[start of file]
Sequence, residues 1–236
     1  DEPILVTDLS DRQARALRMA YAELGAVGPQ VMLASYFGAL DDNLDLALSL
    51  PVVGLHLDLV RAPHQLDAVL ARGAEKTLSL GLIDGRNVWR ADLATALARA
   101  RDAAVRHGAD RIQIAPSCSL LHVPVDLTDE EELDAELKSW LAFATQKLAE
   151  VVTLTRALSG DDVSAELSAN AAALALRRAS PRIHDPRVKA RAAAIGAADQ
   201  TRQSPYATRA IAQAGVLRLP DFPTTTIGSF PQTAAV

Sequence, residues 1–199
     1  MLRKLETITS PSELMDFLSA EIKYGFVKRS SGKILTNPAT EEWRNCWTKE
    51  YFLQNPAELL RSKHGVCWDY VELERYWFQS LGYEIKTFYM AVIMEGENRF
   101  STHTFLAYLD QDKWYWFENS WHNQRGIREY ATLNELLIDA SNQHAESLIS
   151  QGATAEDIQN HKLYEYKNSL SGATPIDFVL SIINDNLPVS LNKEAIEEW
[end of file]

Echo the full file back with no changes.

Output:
Sequence, residues 1–236
     1  DEPILVTDLS DRQARALRMA YAELGAVGPQ VMLASYFGAL DDNLDLALSL
    51  PVVGLHLDLV RAPHQLDAVL ARGAEKTLSL GLIDGRNVWR ADLATALARA
   101  RDAAVRHGAD RIQIAPSCSL LHVPVDLTDE EELDAELKSW LAFATQKLAE
   151  VVTLTRALSG DDVSAELSAN AAALALRRAS PRIHDPRVKA RAAAIGAADQ
   201  TRQSPYATRA IAQAGVLRLP DFPTTTIGSF PQTAAV

Sequence, residues 1–199
     1  MLRKLETITS PSELMDFLSA EIKYGFVKRS SGKILTNPAT EEWRNCWTKE
    51  YFLQNPAELL RSKHGVCWDY VELERYWFQS LGYEIKTFYM AVIMEGENRF
   101  STHTFLAYLD QDKWYWFENS WHNQRGIREY ATLNELLIDA SNQHAESLIS
   151  QGATAEDIQN HKLYEYKNSL SGATPIDFVL SIINDNLPVS LNKEAIEEW